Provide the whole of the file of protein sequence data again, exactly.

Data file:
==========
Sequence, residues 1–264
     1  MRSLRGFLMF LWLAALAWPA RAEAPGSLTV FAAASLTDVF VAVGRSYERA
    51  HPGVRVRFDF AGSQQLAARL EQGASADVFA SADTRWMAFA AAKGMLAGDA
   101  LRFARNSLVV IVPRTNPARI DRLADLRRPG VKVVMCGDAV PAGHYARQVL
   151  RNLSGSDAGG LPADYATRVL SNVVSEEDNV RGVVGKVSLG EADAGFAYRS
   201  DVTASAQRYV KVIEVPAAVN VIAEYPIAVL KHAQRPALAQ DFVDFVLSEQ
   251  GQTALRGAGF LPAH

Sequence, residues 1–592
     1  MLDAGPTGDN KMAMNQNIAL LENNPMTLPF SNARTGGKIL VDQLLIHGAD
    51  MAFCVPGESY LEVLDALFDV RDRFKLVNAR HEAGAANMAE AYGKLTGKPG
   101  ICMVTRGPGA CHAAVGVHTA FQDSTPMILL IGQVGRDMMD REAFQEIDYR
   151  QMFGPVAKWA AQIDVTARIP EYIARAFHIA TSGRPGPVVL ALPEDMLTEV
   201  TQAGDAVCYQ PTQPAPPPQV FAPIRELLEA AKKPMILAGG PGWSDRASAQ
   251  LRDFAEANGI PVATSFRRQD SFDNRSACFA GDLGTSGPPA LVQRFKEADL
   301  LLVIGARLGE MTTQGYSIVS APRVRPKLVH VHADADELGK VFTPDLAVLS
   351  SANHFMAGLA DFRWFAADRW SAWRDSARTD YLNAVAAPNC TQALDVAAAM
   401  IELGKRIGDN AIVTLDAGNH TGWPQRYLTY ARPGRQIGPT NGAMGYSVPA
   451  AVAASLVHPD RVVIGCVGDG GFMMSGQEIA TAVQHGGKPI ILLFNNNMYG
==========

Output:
Sequence, residues 1–264
     1  MRSLRGFLMF LWLAALAWPA RAEAPGSLTV FAAASLTDVF VAVGRSYERA
    51  HPGVRVRFDF AGSQQLAARL EQGASADVFA SADTRWMAFA AAKGMLAGDA
   101  LRFARNSLVV IVPRTNPARI DRLADLRRPG VKVVMCGDAV PAGHYARQVL
   151  RNLSGSDAGG LPADYATRVL SNVVSEEDNV RGVVGKVSLG EADAGFAYRS
   201  DVTASAQRYV KVIEVPAAVN VIAEYPIAVL KHAQRPALAQ DFVDFVLSEQ
   251  GQTALRGAGF LPAH

Sequence, residues 1–592
     1  MLDAGPTGDN KMAMNQNIAL LENNPMTLPF SNARTGGKIL VDQLLIHGAD
    51  MAFCVPGESY LEVLDALFDV RDRFKLVNAR HEAGAANMAE AYGKLTGKPG
   101  ICMVTRGPGA CHAAVGVHTA FQDSTPMILL IGQVGRDMMD REAFQEIDYR
   151  QMFGPVAKWA AQIDVTARIP EYIARAFHIA TSGRPGPVVL ALPEDMLTEV
   201  TQAGDAVCYQ PTQPAPPPQV FAPIRELLEA AKKPMILAGG PGWSDRASAQ
   251  LRDFAEANGI PVATSFRRQD SFDNRSACFA GDLGTSGPPA LVQRFKEADL
   301  LLVIGARLGE MTTQGYSIVS APRVRPKLVH VHADADELGK VFTPDLAVLS
   351  SANHFMAGLA DFRWFAADRW SAWRDSARTD YLNAVAAPNC TQALDVAAAM
   401  IELGKRIGDN AIVTLDAGNH TGWPQRYLTY ARPGRQIGPT NGAMGYSVPA
   451  AVAASLVHPD RVVIGCVGDG GFMMSGQEIA TAVQHGGKPI ILLFNNNMYG